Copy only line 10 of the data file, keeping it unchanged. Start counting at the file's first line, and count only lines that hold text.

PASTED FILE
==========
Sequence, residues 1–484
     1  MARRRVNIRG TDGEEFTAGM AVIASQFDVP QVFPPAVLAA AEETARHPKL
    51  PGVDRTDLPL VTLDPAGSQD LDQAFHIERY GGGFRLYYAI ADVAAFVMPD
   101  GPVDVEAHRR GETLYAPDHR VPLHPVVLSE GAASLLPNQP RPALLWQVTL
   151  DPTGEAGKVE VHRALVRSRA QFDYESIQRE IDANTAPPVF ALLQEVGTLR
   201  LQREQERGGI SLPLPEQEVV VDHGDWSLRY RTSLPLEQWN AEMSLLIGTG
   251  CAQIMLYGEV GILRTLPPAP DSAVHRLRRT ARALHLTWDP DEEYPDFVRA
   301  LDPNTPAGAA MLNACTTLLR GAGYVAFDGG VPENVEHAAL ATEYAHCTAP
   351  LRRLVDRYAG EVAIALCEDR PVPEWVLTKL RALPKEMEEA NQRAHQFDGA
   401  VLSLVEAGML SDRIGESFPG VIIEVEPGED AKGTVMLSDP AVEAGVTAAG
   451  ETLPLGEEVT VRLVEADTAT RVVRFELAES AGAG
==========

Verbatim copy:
   401  VLSLVEAGML SDRIGESFPG VIIEVEPGED AKGTVMLSDP AVEAGVTAAG